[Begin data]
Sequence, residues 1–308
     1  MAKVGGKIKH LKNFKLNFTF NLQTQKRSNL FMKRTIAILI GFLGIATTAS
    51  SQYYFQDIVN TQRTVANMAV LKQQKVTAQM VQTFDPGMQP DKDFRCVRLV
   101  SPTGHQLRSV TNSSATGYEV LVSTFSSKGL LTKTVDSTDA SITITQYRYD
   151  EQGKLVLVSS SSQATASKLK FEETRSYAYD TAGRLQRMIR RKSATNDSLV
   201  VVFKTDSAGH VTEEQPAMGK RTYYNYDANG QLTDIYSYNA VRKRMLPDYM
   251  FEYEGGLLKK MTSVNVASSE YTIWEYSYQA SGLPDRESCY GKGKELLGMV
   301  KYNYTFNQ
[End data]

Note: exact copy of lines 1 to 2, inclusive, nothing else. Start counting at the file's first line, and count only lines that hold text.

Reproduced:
Sequence, residues 1–308
     1  MAKVGGKIKH LKNFKLNFTF NLQTQKRSNL FMKRTIAILI GFLGIATTAS